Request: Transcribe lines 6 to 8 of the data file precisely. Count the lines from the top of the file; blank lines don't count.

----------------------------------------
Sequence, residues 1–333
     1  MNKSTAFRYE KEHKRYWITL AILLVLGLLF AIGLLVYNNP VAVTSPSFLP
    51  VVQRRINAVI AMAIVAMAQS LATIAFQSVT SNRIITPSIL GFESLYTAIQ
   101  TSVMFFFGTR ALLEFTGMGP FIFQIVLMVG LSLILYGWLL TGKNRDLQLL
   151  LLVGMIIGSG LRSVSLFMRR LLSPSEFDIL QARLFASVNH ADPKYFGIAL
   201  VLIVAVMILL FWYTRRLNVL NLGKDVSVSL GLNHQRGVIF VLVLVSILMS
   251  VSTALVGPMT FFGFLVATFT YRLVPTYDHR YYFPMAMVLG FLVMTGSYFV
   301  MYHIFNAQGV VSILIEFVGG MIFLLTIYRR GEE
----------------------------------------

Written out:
   201  VLIVAVMILL FWYTRRLNVL NLGKDVSVSL GLNHQRGVIF VLVLVSILMS
   251  VSTALVGPMT FFGFLVATFT YRLVPTYDHR YYFPMAMVLG FLVMTGSYFV
   301  MYHIFNAQGV VSILIEFVGG MIFLLTIYRR GEE